After weeks of mostly pessimistic speculation, the sixth round of NAFTA renegotiations ended last month in an atmosphere of cautious optimism: Optimism because Washington seems less likely than ever to pull out from NAFTA; cautious because there are plenty of other ways to undermine the trade pact.
Among those ways, as U.S. Trade Representative Robert Lighthizer correctly noted in his closing remarks following the latest round, is allowing these talks to drag on indefinitely. Why? Because one of NAFTA’s biggest benefits is also one of its least tangible: certainty.
First, we’re putting our own industries and the thousands of companies they comprise in a remarkably difficult position. Across the board, major decisions and potential investments are on hold as businesses large and small wait anxiously for progress. That effect is directly felt by the millions of Americans whose jobs depend on NAFTA.
Second, we risk market diversion with our top export partners, Canada and Mexico. Given that much of the impasse stems from U.S. demands that neither of those neighbors shares, while they increasingly show a desire to compromise, they’re not banking their international commercial agendas on NAFTA alone.
Mexico is on a remarkably similar path. Also a signatory to the revamped TPP, our southern neighbor is currently broadening its own free-trade agreement with the E.U. and prospecting for new opportunities in Asia. The message from our NAFTA partners is clear: A renegotiated and updated NAFTA is in everyone’s interests, but amid uncertainty on the direction of negotiations, other avenues to broaden international commerce will be pursued.
Third and finally, the world is watching to see if the United States is willing to compromise, as is typical in a negotiation. At a time when China is aggressively ramping up its global trade leadership, including in our own hemisphere, we’re sowing doubt over whether we’re worth doing business with. At the same time, the region’s larger economies are increasingly looking to deepen and diversify their international commercial ties.
America’s hard-earned standing as a reliable and rational business partner is not one that we should take for granted.
America’s hard-earned standing as a reliable and rational business partner is not one that we should take for granted. As the maxim goes, “A good reputation is hard to build, easy to destroy, and difficult to regain.” We need not fully abrogate NAFTA to harm ours in this case — simply creating inertia is enough to do damage.
Excessive U.S. posturing at the NAFTA negotiating table could have a real impact on the degree to which potential partners — in the Americas and beyond — believe it worth their time to try to ink new deals with the United States. The result could be a very different global trade environment a few years from now, one in which regaining our lost ground may be easier said than done.
Of course, none of this is to say that the U.S. should prioritize swift talks over comprehensive talks, or that we shouldn’t advocate for our interests. But, as Lighthizer himself seemed to acknowledge, the three North American countries would do well not to let another round of negotiations pass without progress on any of the key U.S. proposals.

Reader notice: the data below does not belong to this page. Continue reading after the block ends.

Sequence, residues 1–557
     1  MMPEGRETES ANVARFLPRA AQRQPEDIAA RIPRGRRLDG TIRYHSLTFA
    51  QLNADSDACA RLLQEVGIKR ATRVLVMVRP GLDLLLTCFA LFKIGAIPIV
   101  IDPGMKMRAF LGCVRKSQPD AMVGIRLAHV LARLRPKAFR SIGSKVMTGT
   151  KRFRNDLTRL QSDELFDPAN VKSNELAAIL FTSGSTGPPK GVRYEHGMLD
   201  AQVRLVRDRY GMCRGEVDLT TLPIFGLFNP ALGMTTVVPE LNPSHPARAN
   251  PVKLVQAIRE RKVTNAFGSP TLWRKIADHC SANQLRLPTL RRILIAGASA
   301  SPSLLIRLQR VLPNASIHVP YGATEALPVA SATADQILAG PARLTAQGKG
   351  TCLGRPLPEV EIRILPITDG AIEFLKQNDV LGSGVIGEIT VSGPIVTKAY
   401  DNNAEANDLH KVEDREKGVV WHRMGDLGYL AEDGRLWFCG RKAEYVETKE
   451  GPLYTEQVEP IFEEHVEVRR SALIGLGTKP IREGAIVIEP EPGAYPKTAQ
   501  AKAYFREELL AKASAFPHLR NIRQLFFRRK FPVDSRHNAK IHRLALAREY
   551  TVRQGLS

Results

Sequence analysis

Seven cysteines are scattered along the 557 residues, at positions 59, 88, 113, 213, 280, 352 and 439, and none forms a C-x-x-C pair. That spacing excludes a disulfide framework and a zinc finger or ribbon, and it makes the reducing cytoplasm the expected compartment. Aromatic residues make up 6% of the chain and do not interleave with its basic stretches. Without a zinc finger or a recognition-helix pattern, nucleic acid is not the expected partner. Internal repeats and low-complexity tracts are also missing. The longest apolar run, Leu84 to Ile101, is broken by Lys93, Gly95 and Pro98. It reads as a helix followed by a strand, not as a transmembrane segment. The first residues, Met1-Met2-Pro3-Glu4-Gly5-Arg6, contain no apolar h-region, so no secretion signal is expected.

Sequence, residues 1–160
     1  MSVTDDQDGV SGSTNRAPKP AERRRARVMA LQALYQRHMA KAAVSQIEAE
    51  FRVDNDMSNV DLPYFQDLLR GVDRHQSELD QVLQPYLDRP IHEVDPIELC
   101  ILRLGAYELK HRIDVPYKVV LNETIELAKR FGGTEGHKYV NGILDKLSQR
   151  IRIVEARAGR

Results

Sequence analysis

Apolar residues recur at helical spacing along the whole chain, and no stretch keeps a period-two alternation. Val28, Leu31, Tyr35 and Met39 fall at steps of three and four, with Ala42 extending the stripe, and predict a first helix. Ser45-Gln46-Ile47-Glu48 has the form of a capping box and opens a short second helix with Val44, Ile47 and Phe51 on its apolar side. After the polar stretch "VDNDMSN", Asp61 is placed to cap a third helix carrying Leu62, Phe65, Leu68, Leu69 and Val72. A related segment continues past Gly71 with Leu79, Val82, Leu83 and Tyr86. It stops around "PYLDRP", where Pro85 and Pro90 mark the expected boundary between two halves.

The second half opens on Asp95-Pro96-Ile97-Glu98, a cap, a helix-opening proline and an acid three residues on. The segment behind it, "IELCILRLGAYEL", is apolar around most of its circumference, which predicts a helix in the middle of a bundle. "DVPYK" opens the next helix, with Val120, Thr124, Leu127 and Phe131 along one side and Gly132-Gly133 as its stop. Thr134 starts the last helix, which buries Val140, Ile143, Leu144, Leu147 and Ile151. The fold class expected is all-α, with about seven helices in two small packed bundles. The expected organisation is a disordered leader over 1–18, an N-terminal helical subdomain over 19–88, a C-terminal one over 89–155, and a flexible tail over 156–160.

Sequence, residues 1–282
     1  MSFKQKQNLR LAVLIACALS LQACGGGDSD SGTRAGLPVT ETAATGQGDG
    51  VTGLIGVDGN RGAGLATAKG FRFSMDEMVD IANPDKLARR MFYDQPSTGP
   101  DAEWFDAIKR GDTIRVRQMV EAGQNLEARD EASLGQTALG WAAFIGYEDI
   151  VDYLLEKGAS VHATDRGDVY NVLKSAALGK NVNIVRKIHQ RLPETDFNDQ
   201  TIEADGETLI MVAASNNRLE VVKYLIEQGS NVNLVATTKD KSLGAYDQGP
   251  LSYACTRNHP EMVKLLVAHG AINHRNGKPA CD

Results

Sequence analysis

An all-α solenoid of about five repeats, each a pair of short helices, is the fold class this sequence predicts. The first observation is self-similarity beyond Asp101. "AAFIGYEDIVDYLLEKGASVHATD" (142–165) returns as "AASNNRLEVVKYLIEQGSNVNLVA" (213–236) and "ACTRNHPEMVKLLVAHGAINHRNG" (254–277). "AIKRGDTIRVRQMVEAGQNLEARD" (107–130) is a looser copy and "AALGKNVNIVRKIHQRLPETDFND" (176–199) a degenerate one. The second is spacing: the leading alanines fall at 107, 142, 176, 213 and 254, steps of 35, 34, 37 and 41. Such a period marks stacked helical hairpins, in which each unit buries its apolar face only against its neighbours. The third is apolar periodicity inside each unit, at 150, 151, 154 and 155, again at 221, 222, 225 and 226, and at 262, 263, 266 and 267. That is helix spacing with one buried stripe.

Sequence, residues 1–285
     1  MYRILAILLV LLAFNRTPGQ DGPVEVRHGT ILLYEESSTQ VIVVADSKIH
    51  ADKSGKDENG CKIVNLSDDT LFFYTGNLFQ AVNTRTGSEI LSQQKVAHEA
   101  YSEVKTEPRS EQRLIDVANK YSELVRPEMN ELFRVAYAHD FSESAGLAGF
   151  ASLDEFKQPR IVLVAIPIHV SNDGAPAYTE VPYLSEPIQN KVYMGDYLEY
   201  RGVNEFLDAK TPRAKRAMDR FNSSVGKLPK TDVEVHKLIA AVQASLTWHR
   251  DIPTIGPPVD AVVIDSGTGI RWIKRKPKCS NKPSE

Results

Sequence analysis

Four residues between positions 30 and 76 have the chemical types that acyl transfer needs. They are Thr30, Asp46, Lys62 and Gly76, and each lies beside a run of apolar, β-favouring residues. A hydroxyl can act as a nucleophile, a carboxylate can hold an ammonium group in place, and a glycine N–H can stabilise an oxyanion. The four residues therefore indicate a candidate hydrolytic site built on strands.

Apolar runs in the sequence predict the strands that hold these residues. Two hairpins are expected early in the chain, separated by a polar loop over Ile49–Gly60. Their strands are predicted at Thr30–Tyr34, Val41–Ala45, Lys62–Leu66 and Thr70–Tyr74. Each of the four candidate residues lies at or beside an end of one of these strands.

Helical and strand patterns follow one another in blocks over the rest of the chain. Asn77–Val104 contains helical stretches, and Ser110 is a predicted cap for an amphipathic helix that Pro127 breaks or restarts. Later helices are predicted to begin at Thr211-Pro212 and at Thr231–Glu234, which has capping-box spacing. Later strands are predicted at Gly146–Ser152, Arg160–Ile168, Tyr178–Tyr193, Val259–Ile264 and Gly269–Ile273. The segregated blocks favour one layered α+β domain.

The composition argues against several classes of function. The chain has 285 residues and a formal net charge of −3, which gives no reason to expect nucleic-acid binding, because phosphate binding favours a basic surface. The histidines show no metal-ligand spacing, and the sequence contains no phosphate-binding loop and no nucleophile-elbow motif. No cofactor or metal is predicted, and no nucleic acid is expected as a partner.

One of those, a proposal to change auto rules of origin to only provide tariff exemption for cars containing at least 85 percent North American and 50 percent U.S. content, has been decried by Mexico, Canada, and American automakers alike. Mexico and Canada rightly complain that such high content requirements are politically and economically indefensible. American automakers point out that even if the new requirements were accepted, they would do more harm than good to the North American auto industry and the extremely complex supply chains that make it competitive.
As a compromise in this latest round, Canada floated the prospect of including intellectual property as part of our domestic-origin calculation for vehicles. This is an idea that could help to reflect the importance of intellectual property in today’s high-tech, research-heavy world, while also taking care not to disrupt the supply chains that undergird our industries. And U.S. automakers seem to agree.
Though Lighthizer dismissed the proposal, during a pres conference Monday, as “the opposite of what we are trying to do,” it at least showed that a path forward on some of the tougher issues could be possible. But that will inevitably require the U.S. to moderate its original positions on this and other key issues like dispute panels, government procurement, and the five-year sunset clause.
To the credit of the three negotiating teams, beneath the headline-grabbing impasse on thorny topics, real progress is being made. This latest round produced much-needed agreements on anti-corruption measures and e-commerce protections. Slowly but surely, these talks are indeed piecing together a new and improved NAFTA, from which our continent stands to benefit greatly.
Still, for all the headway made on less contentious issues, the fact remains that soon enough, the key sticking points will need to be resolved as well. Real progress must be made not only during the next round of talks in Mexico City later this month, but in the weeks leading up to it. For the sake of our lynchpin industries and the millions of Americans they employ, we’d do well to realize that tough NAFTA compromises must come sooner rather than later.
— Jason Marczak is the director of the Atlantic Council’s Adrienne Arsht Latin America Center, which recently released a report analyzing what North America would look like without NAFTA.